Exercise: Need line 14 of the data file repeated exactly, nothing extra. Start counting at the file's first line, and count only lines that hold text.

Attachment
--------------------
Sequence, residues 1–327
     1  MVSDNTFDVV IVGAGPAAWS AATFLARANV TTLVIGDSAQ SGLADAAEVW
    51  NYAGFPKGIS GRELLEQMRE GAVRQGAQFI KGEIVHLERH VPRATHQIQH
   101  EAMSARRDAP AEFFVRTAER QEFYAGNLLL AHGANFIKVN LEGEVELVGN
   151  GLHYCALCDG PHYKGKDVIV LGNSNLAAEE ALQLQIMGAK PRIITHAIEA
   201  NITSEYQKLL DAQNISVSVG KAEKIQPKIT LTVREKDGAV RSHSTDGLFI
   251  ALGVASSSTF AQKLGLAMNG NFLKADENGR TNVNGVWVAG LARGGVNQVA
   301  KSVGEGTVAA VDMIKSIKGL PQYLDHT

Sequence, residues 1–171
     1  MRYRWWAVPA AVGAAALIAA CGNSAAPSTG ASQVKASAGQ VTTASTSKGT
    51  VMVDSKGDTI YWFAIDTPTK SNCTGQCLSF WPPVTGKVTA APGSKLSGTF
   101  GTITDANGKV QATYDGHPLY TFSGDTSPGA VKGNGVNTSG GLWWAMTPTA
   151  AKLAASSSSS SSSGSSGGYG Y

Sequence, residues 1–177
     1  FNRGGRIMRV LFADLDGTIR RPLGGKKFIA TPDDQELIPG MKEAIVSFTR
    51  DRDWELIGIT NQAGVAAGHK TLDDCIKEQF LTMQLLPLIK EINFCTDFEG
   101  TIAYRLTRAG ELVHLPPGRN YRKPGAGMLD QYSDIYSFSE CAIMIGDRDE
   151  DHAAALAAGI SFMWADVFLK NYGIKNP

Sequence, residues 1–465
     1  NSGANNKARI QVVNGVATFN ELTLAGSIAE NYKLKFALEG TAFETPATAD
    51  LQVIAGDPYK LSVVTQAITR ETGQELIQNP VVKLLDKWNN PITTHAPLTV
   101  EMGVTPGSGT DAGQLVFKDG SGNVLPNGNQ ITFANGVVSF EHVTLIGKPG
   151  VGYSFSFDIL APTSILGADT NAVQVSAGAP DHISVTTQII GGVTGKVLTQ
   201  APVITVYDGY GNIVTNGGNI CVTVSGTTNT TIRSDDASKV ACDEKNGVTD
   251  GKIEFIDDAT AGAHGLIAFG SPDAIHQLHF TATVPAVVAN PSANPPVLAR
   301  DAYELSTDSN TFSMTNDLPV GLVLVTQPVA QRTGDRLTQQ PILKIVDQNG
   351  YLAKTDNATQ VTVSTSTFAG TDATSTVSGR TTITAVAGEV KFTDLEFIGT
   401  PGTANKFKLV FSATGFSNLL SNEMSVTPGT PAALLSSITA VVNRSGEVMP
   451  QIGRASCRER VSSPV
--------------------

Sequence, residues 1–177